As for Japanese, from the time I learned hiragana it was 3 years before I felt “fluent,” which was after 10 months studying Japanese culture in Japan (and was really only a low-level conversational fluency). Chinese was easier, since I had learned a foreign language to fluency before, but again it was about 3 years before I was fluent (to my own satisfaction), including 8 months studying Chinese literature in Shanghai.

      I hope to be “fluent” in Korean by the end of 2014 (as in able to discuss lots of abstract topics at length, understand most of an academic lecture, write a reasonably well-organized essay, etc., which I can do passably in Chinese, and somewhat less so in Japanese). The difference this time is I have made no plans to go to Korea, so I will learn Korean online at first, and later by speaking with Koreans in the USA, with the goal of being good at Korean whenever I get a chance to go there (again, since I went to Seoul for five days once while studying in Japan).

      Thanks for your candid comments! I really appreciate it.

      • GerryBevers says:

        Kieran,

        Three years also sounds about right for Korean when studied in country. It took me longer to become fluent in Korean, but I was studying at a time when there were fewer resources, including no computers. Also, I knew no other Asian languages. Your having studied Chinese and Japanese will be helpful.

        I found that list of Korean slang on the Internet, so it is not really mine. I did make a few corrections and added a few of my own, but that is all. It is a useful list.

        Your pronunciation sounds pretty good, by the way.

        Gerry

        • Kieran says:

          I have deep, deep respect for anyone who studied Asian languages before computers and the internet.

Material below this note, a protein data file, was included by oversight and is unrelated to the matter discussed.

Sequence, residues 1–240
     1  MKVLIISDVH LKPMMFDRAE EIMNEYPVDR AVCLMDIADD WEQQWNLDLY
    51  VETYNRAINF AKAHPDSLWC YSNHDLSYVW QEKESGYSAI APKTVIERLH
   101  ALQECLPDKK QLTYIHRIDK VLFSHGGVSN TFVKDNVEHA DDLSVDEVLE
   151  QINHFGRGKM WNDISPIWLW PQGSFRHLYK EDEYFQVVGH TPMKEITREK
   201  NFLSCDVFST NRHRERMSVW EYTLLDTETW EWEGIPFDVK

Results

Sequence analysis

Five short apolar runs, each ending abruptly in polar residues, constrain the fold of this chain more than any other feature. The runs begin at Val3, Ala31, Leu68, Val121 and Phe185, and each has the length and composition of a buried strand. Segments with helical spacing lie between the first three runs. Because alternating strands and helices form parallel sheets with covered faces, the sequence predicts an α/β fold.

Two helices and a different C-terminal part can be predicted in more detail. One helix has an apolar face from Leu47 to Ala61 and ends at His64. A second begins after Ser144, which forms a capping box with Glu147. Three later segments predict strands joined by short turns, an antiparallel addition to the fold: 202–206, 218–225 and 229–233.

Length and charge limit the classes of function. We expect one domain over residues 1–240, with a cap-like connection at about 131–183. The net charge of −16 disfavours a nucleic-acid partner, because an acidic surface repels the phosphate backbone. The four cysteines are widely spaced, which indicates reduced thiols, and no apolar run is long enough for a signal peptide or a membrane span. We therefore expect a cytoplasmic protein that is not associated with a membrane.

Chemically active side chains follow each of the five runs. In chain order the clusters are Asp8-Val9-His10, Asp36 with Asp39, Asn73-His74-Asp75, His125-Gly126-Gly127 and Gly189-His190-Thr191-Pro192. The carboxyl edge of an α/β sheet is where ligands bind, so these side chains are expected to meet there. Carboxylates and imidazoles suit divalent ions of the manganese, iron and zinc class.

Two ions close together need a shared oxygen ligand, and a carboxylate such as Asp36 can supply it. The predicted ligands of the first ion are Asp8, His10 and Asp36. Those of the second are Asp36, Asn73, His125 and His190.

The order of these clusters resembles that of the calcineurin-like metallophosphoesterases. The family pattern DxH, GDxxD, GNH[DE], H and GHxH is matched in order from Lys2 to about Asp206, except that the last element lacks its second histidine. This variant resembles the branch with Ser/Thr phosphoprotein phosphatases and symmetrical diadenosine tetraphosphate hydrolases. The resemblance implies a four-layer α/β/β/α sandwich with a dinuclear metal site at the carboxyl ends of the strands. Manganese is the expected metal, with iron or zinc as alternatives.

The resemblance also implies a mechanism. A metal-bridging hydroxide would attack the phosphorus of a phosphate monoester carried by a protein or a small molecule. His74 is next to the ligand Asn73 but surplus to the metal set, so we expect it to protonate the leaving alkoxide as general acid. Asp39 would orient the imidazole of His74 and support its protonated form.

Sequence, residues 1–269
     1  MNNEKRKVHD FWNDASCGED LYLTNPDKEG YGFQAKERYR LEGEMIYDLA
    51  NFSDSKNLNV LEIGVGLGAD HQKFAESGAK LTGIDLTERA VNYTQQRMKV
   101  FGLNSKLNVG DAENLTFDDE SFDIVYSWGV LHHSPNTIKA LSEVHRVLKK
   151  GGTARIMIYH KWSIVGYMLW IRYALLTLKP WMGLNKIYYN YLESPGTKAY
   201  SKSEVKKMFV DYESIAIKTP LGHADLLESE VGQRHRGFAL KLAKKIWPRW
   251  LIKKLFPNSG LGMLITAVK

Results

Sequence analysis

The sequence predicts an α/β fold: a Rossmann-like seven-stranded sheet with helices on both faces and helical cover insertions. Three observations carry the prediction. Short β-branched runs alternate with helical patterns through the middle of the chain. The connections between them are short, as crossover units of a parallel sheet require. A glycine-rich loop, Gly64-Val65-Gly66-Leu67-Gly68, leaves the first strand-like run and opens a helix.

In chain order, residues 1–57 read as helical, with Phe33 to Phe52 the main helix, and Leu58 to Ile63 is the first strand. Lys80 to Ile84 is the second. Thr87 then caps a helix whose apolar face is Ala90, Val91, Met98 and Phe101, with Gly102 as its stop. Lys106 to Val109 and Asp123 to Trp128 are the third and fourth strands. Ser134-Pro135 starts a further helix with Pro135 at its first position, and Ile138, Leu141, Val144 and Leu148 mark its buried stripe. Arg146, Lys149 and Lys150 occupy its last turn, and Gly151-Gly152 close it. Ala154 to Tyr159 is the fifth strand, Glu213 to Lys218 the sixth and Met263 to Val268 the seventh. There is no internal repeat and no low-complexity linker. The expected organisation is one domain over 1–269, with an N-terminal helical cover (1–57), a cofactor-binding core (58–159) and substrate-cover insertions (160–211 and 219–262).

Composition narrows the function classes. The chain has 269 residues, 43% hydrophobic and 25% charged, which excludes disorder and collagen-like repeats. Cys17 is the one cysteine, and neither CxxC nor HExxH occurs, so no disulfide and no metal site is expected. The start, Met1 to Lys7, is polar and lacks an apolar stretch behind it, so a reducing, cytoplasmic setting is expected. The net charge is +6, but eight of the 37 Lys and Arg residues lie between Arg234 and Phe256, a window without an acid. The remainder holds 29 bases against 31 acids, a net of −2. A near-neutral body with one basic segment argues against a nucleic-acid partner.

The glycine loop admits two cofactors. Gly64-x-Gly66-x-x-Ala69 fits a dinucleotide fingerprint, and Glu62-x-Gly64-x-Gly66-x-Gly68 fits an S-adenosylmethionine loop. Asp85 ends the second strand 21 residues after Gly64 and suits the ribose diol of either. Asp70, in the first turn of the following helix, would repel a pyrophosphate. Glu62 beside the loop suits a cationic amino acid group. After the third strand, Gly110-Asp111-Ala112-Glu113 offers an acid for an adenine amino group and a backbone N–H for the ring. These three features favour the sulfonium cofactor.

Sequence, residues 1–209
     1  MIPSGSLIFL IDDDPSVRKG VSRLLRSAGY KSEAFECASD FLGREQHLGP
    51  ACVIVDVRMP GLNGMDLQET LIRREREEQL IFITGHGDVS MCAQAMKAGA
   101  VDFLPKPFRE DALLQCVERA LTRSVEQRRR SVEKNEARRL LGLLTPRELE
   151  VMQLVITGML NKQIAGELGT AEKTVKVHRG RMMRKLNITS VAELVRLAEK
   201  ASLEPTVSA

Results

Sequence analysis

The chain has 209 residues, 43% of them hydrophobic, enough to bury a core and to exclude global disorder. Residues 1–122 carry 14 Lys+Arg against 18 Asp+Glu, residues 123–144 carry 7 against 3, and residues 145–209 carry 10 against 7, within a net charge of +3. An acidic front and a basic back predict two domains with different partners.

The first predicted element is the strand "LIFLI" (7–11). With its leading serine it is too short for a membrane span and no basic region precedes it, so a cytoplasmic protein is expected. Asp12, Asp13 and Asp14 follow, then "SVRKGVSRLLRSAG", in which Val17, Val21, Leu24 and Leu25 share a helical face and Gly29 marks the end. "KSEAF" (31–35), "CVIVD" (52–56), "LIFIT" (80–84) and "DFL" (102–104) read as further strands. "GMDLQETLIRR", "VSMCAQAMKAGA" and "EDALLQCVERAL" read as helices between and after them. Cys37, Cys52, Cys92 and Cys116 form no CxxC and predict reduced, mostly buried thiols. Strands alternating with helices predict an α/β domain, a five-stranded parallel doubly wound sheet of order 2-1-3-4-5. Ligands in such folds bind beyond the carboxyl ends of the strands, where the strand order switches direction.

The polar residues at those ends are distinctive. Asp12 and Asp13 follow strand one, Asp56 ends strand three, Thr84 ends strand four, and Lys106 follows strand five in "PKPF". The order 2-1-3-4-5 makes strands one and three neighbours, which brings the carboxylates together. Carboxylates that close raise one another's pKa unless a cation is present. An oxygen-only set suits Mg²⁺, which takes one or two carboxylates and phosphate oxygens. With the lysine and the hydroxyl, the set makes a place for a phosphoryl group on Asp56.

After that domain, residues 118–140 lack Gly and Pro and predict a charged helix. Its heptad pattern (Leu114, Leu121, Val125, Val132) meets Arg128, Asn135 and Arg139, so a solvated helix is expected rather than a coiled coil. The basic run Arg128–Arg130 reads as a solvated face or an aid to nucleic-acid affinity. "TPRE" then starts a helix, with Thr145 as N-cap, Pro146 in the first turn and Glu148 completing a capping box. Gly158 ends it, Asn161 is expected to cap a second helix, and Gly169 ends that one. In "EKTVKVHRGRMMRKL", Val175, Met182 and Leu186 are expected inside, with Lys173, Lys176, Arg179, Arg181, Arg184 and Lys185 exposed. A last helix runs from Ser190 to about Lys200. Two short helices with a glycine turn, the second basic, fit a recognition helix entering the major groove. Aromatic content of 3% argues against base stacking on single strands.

I’m fairly certain I never would have learned Japanese without digital flash cards for Chinese characters, instant dictionary lookups, and instant access to Japanese TV from anywhere in the world. Same goes for Chinese. Many times when I drew a Chinese character on the screen of my phone to look it up I wondered how much harder it would be if I had had to look it up by radical in a paper dictionary. I feel obligated to work harder and push these technologies as far as they are useful, because I have these advantages, and because the end goal is to further my understanding and compassion for other cultures.

          Thank you! I appreciate your encouragement. I’m finding a lot to love about Korean culture and am excited about the journey I have only just begun.

          • GerryBevers says:

            Kieran,
            Korean newspapers used to use a lot Chinese characters even into the 1980s, so I taught myself to use a Chinese character dictionary in the early eighties so that I could read the newspapers, but like you I now use the drawing function on Web sites to look up characters I do not know because it is easier.

            The people who impress me are the early Western scholars of the Chinese and Korean languages. At least I had dictionaries and basic grammar texts, but they had to start pretty much from scratch.

          • Kieran says:

            True! A researcher at Fudan told us an interesting fact. Scholars like Matteo Ricci were trained in Classical Chinese in Macao before going to Beijing to serve at court, but we can assume all of their texts were written with the help of a classically trained Chinese assistant. Most likely, they dictated what they wanted to write in Portuguese, or possibly Latin, or perhaps colloquial Chinese, and the assistant wrote in Classical Chinese for them. The Europeans for the most part found Classical Chinese far too difficult to master.

            However, things changed when the Manchu took over in the mid 1600s. Manchu has an alphabet, and was a living, spoken language, so it was much easier for the Europeans to learn. During the Qing dynasty, they often wrote their texts in Manchu first, and possibly had them translated into Chinese (at lease for the first few emperors; I’m not sure how much Manchu the last emperors actually spoke).

  2. Brian Kwong says:

    awesome, looking forward to see your updates!

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Kieran Maynard

Kieran Maynard

Writer, translator, researcher, traveler specializing in Japanese and Chinese literature.